Solutions: Trays help keep daily chaos under control

Jeanine Matlow

The first signs of spring seem to inspire us to enhance our homes so they can better suit our evolving tastes and needs. For many, this will involve some type of editing or other organization projects.

Those who are constantly searching for ways to cut down on all that clutter might find that trays can be a real lifesaver. In fact, I’m beginning to think I could use at least one or two in every room.

After refraining from buying any type of organizing tools for quite some time, with my rationale being the empty baskets and plastic containers I have in my storage room, I finally gave in to my urge to acquire something new and I am glad that I did.

Though my initial purchases were pretty simple, they made a big difference in my daily battle with paper. All it took was three shallow trays to make my days more orderly. Two that are identical serve as “his and hers” mail catchers on the kitchen table and the other is for newspaper articles that I haven’t had the chance to read yet.

Ever since I put the trays to work, I have come as close to perfection as possible with my organization of these stray items because they seem to keep everything in line while reminding me to keep my system in check.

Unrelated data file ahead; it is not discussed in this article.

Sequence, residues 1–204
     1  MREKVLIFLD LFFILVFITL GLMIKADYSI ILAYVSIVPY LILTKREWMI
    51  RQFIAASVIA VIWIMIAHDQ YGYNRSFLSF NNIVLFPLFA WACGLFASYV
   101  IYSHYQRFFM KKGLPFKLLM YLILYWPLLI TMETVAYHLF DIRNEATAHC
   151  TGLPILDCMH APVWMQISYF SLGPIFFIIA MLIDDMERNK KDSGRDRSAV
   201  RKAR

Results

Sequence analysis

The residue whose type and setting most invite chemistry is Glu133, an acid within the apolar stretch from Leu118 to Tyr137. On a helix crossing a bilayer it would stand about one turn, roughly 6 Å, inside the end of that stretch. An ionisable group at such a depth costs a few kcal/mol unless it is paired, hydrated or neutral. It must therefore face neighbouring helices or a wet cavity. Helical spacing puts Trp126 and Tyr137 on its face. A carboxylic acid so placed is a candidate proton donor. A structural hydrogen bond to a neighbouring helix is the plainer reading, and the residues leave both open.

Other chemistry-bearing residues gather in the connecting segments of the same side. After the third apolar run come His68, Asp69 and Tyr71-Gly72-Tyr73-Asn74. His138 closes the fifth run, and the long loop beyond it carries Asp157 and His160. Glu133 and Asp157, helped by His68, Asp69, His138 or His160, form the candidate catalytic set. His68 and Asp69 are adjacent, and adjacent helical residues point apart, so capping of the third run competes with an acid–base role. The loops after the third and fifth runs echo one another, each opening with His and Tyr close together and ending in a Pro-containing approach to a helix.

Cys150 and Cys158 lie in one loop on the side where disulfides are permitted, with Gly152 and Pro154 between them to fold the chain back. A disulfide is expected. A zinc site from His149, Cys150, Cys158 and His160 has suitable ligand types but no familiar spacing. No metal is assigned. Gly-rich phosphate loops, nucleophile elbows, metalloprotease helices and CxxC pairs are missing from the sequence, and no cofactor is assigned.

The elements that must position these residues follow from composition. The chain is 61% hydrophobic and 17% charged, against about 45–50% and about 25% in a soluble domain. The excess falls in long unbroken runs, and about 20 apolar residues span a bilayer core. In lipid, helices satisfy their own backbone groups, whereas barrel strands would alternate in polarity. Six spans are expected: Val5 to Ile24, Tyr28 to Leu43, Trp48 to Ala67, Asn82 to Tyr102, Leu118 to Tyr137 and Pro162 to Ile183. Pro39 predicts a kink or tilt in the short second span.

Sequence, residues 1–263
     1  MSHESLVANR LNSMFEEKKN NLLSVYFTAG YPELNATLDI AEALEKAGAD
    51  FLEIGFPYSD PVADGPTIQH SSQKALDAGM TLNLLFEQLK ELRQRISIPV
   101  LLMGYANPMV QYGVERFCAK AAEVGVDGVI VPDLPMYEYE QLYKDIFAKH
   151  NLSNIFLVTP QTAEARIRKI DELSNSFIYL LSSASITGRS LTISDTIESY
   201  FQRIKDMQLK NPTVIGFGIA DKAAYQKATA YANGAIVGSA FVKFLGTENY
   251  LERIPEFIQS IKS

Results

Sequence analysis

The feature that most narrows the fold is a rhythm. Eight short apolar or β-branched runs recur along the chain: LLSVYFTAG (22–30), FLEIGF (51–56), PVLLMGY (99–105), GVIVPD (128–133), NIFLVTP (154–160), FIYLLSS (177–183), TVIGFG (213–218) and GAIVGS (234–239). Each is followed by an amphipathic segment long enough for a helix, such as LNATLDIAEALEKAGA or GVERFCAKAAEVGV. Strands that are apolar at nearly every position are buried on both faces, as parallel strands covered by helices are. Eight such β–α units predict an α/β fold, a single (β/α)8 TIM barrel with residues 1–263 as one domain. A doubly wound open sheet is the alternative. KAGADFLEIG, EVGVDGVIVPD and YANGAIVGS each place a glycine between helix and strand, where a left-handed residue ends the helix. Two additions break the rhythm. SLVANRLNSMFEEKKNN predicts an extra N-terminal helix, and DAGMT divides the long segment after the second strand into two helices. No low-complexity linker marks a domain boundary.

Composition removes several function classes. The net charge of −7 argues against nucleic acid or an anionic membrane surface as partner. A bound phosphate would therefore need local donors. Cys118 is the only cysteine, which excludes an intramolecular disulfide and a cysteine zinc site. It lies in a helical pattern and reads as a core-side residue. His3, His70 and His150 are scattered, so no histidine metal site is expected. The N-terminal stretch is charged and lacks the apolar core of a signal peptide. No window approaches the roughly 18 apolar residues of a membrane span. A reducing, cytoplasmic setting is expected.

Gone is the chaos on the kitchen table for the most part, as are the piles of newspapers that are always scattered about the living room.

The handles on the lightweight trays make it easy to move everything at a moment’s notice without losing any important paperwork in the process.

I decided to take my system a step further with a few similar items, such as drawer sorters and a pretty little desk organizer. None of these pieces were terribly expensive, but their black and white floral pattern makes them easy on the eyes.

Most of my organizers were discovered at discount stores like T.J. Maxx and Dollar General.

I’ve found that most functional accessories like trays are rather versatile and they come in a variety of shapes and sizes to fit different situations and style preferences. For instance, trays come in handy for entertaining and can be used to corral everything from beverages to books and magazines.

Available in shapes that range from round to square and rectangular, the materials tend to vary, as well. I’ve seen leather, metal, melamine and more. The trays I have are made from weathered wood, making them neutral enough to suit any setting.

Not only do they nudge you to get your act together, but they make it easier to stay that way.

My next ambitious project was inspired by a set of shallow plastic baskets from Target that I hope will take my biggest offender in the junk drawer category from disastrous to divine. We’ll see how that goes.

For information on the trays shown, go to

Jeanine Matlow is a Metro Detroit interior decorator turned freelance writer specializing in stories about interior design. You can reach her at